Do you ever feel that motherhood involves learning a whole new language? I mean, when the kids say something, they're very seldom being literal. For instance, a couple of years back, they asked me to make a mermaid tail. So I made a mermaid tail.
It turns out that I completely missed the point when I made that particular tail. Apparently, I was supposed to make A Mermaid Tail That Morphs Into A Skirt For When The Mermaid Is Being Her Land-Walking Alter Ego. I swear, I never saw that coming. Remember when you were recovering in hospital postpartum, there were these delightful classes with titles like Breastfeeding 101 and Bathing Your Infant and How To Understand Your Baby's 57 Different Cries? Well, I'm convinced that that last class had a follow-up module called How To Understand Your Child When She Starts Speaking English. It must have clashed with one of the other seminars because, clearly, I missed that one.
So, beautiful as that tail was, it was a failure as far as the girls were concerned. And sometime last year - like some kind of demented penance - they had me make them Proper Tails. I made one for Emily and one for Jenna, but I held off making Kate's because, well, she already had one (albeit non-morphing), right? Last week, though, I gave in and made her a new one, because she looked so forlorn trying desperately to play Mermaid Games with her sisters, and being sorely handicapped.
And Kate is very happy with it. She said, "I like this tail. Thank you, Mum."
The girls normally don't wear long-sleeved Tshirts with their tails, incidentally. This get-up was purely for modesty and weather-appropriateness.
How does it morph, though?
Well, as I understand it, the whole thing hitches up all the way to one's waist and hips, and becomes an avant-garde skirt.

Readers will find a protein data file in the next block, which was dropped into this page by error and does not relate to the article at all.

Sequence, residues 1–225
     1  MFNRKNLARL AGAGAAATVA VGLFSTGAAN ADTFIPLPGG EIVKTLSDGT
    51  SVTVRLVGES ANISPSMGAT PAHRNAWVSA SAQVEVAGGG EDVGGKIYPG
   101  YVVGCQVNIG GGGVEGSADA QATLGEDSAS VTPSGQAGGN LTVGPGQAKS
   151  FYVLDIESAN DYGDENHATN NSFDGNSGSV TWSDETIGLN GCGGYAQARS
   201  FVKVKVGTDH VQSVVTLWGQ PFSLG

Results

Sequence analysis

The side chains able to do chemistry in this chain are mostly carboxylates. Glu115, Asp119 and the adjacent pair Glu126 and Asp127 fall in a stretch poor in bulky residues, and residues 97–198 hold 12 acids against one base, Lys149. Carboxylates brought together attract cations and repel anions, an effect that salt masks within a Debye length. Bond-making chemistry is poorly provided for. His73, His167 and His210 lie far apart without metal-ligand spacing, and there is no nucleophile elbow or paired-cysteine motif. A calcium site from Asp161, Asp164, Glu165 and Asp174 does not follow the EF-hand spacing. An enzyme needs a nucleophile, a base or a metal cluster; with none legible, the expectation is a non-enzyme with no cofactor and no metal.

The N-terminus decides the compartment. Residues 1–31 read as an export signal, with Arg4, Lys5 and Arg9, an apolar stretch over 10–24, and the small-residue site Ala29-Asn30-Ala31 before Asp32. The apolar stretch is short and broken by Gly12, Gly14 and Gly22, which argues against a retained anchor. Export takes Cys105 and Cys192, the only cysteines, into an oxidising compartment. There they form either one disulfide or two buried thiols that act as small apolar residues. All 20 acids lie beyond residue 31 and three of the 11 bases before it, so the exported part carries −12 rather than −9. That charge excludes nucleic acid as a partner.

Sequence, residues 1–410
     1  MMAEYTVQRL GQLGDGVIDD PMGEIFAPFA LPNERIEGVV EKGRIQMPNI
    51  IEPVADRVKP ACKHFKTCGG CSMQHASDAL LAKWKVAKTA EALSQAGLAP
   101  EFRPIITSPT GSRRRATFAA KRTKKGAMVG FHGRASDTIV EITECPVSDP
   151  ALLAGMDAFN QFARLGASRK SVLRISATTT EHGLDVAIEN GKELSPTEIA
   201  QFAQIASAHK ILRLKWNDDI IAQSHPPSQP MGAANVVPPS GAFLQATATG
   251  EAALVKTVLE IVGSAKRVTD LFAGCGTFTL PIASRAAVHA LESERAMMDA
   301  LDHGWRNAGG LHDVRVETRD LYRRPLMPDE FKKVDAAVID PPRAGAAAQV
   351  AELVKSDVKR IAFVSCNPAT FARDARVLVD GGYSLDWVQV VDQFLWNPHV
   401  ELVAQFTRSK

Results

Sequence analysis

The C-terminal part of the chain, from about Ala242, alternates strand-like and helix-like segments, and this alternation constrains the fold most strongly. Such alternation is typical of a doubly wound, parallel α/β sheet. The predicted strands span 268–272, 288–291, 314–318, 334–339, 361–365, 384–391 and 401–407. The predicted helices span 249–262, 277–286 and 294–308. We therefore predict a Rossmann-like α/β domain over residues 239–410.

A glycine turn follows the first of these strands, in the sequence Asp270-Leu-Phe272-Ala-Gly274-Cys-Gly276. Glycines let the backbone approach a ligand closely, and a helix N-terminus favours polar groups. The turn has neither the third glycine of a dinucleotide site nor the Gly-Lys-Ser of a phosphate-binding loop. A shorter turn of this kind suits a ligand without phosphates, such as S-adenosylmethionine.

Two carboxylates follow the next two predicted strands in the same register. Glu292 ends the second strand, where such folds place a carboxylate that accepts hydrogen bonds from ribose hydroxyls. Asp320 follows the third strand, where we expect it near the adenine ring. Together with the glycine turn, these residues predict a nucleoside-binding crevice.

Don't ask me - the girls designed it, and I just obeyed.
The girls do the Skirt thing when they're being girls, and the Tail thing when they magically morph into Mermaids, ostensibly to save the world or something like that.
And, while we're on the topic, what is it about morphing that appeals to kids? This is the third morphing costume I've been asked to make, after the Butterfly Fairy Morphing Skirts and the Musketeer Princess Morphing Gowns. But I'm trying to look on the bright side - if I had sons, I'd be sewing Optimus Prime outfits, right?
Back to the tails now. Naturally, one of them is pink (or, shall we say, coral?).
I thought I'd share the how-to, in case this Morphing Mania isn't limited to just our family.
You'll need two kinds of elastic:
- narrow 1/4" to 3/8" elastic for the bottom edge of the tail. I used about 16" thereabouts.
- wide (1.25" to 1.5") elastic for the waistband. Use as much as you need to comfortably fit around your child's waist with some hug.
You'll need fabric pieces that look like these:
- One waistband - measure (comfortably) your child's waist and don't add any ease allowance. It's going to fit just right, since it's a Smooooooooooth Waistband. See here for how to make it.
- Two pieces of the main body. Use a stretchy fabric, like knit or velour. Not cotton.
Remember to add seam allowances. Draft the pattern yourself- the top edge is half the (comfortable) waist measurement. The widest part is half your child's (hip+2" ease) measurement. This widest part is as much lower than the top edge as your child's hip is below her waist. From this widest part, taper slightly to the bottom edge so it's just about the same (or an inch or two) narrower than the top edge. You'll be gathering this bottom edge with elastic later, so it will be squished anyway.
- One long strip for the tail fin - this should be about twice the width of the bottom edges combined.
- Several scale-shaped pieces of fabric for prettying up the waistband. Cut enough to overlap in a pretty pattern.
Next, sew the two body pieces together along one side seam. Layer the scale pieces along the top edge and top-stitch them down.
Sew the other side seam to make a tube. Attach the waistband. I won't explain how to here, because you can read about it in the Smooth Waistbands tutorial. The only thing I will add is that I didn't top-stitch the bottom edge of the waistband the way I did in Step 8 of that tutorial, because this slinky fabric doesn't take top-stitching.